Even with the ~700 words of puke I’ve smattered above, I just don’t think I can express how much I enjoyed the Assassin’s Creed series.
And then there was 3.
We start off the game with lush graphics that are slowly revealed to us as we walk our ugly, worst-British-accent-ever protagonist towards a gorgeous hotel sometime in the 19th century. There’s an air of class to him, but not the kind you’d be proud of. His voice seems put-on in the subtlest of ways, but you accept it as part of his character… except that now you’re not really happy to be him. Not like you were with Ezio. Sure, Ezio was whiny in his youth, but at least he was relatable. You soon learn a few things about this protagonist: mainly, that his name is Haytham Kenway, that he’s English, that his friends are assholes, and that he’s not actually our protagonist.
Thank the gods. I couldn’t stand being him much longer.
Now we have our real protagonist: an adventurous, curious young Métis boy. He whines and is a bit of a brat, but he’s a kid. He has a best friend he thumps his chest at and tortures us with some bad voiceovers, but he’s young, so we forgive him. We have some fun with the seemingly endless environment of New England’s forests, play some hide and seek, and learn to trap and skin animals, and it’s actually quite fun for a while. Then – as mandatory hero curriculum dictates – his mother dies, and you start hoping for the moment when he pulls an Ezio-esque growth spurt. With bated breath, you anticipate that golden moment where he has an epiphany, becomes a man of action as well as thought, of consideration and justice, of patience and a vision, ambition towards a bigger picture. You hope for the day he stops whining.
That day never comes.
Even when Connor looks like he’s already 40 (How? Wasn’t he 20 five minutes ago? Ten minutes later, he’s young again? What?) Where handsome Ezio’s long, drawn out monologues were at least engaging once he got older and wiser, homely ol’ Connor rambles on with the same bratty tone he does from day one. The voice acting here was a far cry from Ezio’s, and don’t get me started on the actor for Awkward Native Granny who sounds like an eight-year-old boy.
So our hero is decidedly uncool. What about his world? Can that make up for it? Not even close. Where Ezio’s world was saturated with some of the finest architecture in the history of Europe, Connor’s is sparsely dotted with the simplistic white boxes of Colonial America, whose highest towers are dwarfed by even the mid-size structures flaunted by Florence, Venice, Rome, and Constantinople. Gone is the excitement of exploring a famous, faraway land. Behold the monotony of driving around the Boston and New York of old – not dissimilar to the Simsbury, Connecticut of current times. No more fighting against the legendary crime family of the Borgias; now you must concern yourself with the much less interesting bickering settlers of the American Revolution. (No offense, America – this message is directed to Ubisoft. The story of the red white and blue has been done to death, and there’s nothing exotic about it.) You think for a moment that Connor will befriend his own genius inventor – Benjamin Franklin – but their acquaintance is brief, and about as deep as a wading pool at Hobbit daycare.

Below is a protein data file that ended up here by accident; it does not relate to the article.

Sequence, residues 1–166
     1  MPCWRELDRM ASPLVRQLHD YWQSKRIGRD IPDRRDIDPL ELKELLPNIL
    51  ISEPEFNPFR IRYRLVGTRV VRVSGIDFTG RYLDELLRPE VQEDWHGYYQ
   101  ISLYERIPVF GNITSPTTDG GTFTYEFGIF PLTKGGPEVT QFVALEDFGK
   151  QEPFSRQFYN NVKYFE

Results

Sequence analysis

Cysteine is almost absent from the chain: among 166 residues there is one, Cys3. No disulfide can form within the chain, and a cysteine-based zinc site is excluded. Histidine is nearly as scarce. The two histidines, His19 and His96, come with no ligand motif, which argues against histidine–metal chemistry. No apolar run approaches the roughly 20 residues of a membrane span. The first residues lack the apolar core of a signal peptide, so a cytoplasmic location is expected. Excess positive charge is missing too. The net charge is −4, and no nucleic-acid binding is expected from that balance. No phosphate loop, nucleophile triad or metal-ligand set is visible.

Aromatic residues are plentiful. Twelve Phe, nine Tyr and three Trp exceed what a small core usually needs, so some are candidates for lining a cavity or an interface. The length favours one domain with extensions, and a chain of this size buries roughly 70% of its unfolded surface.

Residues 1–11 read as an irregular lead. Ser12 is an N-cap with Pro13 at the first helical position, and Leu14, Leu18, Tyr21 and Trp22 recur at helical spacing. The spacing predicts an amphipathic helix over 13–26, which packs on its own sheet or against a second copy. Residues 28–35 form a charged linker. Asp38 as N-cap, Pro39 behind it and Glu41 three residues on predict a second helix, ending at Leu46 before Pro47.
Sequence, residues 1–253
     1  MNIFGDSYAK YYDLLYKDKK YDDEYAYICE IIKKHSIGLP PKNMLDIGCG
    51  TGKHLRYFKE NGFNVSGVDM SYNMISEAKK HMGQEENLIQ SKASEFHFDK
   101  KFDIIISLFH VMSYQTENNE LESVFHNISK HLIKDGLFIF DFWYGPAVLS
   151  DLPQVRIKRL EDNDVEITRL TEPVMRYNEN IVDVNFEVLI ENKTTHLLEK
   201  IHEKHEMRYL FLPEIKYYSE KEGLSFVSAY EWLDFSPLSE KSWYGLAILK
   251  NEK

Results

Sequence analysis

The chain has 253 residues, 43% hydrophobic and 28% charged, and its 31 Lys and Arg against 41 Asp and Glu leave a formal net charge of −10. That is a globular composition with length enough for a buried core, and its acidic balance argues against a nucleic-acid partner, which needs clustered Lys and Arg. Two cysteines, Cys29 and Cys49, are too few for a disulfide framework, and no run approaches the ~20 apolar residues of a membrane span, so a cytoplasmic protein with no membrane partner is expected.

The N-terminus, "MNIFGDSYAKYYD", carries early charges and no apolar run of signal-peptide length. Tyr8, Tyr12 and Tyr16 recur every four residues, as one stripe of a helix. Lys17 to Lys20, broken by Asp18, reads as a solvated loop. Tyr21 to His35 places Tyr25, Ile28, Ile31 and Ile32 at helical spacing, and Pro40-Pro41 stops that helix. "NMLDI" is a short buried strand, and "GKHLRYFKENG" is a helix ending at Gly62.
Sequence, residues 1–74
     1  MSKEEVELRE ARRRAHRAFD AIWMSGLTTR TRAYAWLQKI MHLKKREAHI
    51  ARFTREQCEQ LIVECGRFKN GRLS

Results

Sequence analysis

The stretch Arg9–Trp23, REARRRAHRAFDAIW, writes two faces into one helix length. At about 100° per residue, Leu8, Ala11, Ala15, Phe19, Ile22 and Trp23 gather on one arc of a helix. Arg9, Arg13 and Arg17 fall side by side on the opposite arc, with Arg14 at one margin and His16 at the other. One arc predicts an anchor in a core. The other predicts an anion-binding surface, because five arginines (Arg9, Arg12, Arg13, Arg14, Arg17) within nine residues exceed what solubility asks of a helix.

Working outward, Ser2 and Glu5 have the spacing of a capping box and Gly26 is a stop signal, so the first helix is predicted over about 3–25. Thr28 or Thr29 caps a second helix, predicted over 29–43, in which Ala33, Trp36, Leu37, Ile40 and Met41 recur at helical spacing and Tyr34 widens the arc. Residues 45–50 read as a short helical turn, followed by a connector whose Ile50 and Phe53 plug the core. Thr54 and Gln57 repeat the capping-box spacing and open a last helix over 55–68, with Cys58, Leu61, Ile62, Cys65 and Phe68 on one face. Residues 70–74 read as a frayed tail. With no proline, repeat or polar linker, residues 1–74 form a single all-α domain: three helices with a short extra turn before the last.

You have no sense of attachment to any of the characters – not Connor, not his cantankerous mentor, not the cantakerous mentor’s dog – the one thing I felt most attached to was Connor’s bow. Honestly, it was okay. The bow, the rope dart, and the trapping system are probably the only parts of the revamped (read: ruined) combat system that I actually liked. Seriously- whose bright idea was it to even bother with the muskets that took half a lifetime to reload? And who decided the counterattack/parry/block system from Ezio’s heydey needed “improvement”? Find this person for me so I may pout at them in person.
For three months, I repeatedly picked this game up only to put it down again after a few hours. I told myself the plot would kick in soon, or the characters would get interesting soon, or the environment would get more interesting soon – a wish momentarily granted by naval combat – but eventually, after Connor sees Haytham again, I gave up. I never finished the game. I just couldn’t.
Then I caught the trailers for Assassin’s Creed 4: Black Flag and decided it was imperative to be caught up to the overall story. On a friend’s recommendation, I decided to watch the four-hour-long “movie” on YouTube instead.
Of those four hours, roughly twenty minutes contained discernable plot points. Of those twenty minutes, fifteen were Desmond’s scenes. I had hoped for more in-depth exploration of Connor’s contribution to the meta-plot (but it seems he had very little contribution at all). I had hoped for an elaboration on Haytham’s pivotal betrayal and his joining the Templars, but got nothing. I felt nothing but relief knowing that I didn’t sink any more time into this piece of crap game. It was as if someone had a brilliant idea, then entrusted the actual execution of their idea to their lazy stoner friend. I will be more than a little distraught if it turns out AC4: Black Flag exhibits the same lack of follow-through.
Seriously, though, Black Flag looks incredible. I’m hoping it makes up for AC3 in the same way that X-Men: First Class almost made up for X-Men Origins: Wolverine. Almost. Still, I doubt anything can take away the sting from knowing I will never play Ezio again. Luckily, these games have an unusual amount of replay value for the action-adventure genre. Having written this much about them, I feel like I have no choice but to revisit Italy when I get home today. Ah, hell, why not? Arkham can wait.